During a recent focus group I was moderating, a young participant explained how she shopped: “Sometimes I call the company and speak with a representative, just to get a sense of the company culture.”
People increasingly want to know if companies are walking the talk. This is especially true for activist brands. Shoppers aren’t just Googling, they’re investigating.
So, if you’re working on an issue-driven advertising strategy, consider borrowing some thinking from the field of litigation consulting --the communication experts whose court room narratives often leverage perceptions about social issues.
- Don’t hesitate to identify and remove bias from your arguments.
In the courtroom, the perception of bias within a single argument will cast doubt across the entire presentation. Therefore, attorneys and their litigation consultants are careful to remove bias from their own cases. For example, witness testimony, third party research data and even mock jury feedback are filtered to remove bias.
Likewise, brand strategists need to filter their issue-driven strategies. Even if your brand supports something with broad appeal like sustainability, take another look at the context of your message. Does your performance data look cherry-picked? Are your supporting points objective or purely opinion-based? Have you considered the second order impacts of proposed alternatives? What are the financial interests of people on either side of the issue?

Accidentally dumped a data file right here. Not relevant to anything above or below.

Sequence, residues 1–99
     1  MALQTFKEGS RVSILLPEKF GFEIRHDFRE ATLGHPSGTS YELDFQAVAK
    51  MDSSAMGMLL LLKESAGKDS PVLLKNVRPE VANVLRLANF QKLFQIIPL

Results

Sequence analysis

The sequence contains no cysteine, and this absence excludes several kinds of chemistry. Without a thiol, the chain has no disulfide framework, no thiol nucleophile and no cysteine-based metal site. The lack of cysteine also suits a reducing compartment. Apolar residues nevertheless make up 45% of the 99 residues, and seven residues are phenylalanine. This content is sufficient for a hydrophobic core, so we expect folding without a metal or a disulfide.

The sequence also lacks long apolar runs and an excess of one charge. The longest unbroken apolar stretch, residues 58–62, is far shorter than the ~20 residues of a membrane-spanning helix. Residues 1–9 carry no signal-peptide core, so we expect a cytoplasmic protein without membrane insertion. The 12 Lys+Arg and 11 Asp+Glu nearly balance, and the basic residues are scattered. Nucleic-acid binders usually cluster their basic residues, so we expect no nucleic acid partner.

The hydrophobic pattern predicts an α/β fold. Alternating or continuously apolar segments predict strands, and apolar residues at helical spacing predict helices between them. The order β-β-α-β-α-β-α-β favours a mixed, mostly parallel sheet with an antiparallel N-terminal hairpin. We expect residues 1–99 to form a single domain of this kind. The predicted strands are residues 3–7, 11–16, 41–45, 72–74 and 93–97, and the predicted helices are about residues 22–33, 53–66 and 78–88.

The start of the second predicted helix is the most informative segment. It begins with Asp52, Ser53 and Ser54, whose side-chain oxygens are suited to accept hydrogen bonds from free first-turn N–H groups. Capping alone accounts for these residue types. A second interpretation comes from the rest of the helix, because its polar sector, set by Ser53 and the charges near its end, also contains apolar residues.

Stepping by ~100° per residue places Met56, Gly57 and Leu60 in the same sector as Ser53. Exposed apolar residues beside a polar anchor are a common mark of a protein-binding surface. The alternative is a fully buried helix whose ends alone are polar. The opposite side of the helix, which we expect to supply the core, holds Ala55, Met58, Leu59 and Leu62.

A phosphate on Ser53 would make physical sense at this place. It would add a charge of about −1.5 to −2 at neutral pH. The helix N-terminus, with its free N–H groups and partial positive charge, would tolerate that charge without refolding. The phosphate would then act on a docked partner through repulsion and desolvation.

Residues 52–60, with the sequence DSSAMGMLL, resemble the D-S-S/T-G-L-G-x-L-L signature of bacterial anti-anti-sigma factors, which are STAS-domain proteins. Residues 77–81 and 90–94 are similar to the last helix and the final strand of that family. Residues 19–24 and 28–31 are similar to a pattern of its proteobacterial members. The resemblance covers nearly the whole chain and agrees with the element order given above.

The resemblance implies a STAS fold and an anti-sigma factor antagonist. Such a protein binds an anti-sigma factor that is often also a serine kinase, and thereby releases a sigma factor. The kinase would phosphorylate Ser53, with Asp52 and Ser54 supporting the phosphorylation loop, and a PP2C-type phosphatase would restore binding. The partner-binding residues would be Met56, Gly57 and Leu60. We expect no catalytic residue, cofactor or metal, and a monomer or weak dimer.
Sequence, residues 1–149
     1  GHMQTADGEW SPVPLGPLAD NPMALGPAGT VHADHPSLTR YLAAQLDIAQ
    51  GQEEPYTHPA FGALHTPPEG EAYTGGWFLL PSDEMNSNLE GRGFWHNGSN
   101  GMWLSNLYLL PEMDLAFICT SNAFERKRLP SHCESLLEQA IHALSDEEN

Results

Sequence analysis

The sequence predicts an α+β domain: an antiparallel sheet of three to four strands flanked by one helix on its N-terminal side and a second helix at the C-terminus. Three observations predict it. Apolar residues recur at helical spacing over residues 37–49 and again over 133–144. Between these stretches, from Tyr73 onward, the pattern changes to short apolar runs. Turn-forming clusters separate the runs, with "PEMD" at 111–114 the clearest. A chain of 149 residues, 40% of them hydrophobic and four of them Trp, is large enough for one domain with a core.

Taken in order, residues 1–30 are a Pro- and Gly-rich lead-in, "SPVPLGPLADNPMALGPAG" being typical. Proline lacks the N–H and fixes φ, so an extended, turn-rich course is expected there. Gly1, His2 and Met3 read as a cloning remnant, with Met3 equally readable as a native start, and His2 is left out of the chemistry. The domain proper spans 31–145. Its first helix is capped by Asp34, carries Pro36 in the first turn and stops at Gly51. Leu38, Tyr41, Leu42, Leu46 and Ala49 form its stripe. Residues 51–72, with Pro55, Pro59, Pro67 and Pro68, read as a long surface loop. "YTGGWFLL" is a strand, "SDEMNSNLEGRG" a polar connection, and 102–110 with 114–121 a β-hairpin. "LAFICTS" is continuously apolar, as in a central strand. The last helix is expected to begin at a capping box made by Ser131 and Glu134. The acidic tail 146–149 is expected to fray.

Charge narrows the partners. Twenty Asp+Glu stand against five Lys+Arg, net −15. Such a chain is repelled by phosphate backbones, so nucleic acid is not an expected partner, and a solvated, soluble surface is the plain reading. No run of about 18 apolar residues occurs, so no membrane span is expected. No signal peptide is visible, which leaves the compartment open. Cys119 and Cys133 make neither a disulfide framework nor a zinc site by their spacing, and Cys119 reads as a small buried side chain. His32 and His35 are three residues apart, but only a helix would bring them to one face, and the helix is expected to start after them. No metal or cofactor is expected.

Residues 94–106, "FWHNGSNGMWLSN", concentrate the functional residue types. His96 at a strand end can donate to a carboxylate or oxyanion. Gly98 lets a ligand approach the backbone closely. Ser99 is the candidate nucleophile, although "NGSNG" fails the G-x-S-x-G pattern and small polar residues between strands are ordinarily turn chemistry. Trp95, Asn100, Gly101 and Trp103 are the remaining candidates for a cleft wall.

- Test your strategy by arguing the other side.
Litigation consultants must play the devil’s advocate in order to anticipate arguments and strengthen counterarguments.
Brand strategists should do the same when supporting controversial positions. Make the opposing case, without assuming ignorance or selfish intentions. If you’re unable to craft an opposing argument, you may need to do more research. On the other hand, if you’re proposing a solution that everyone can agree upon, a common ground initiative could be a big win for your brand.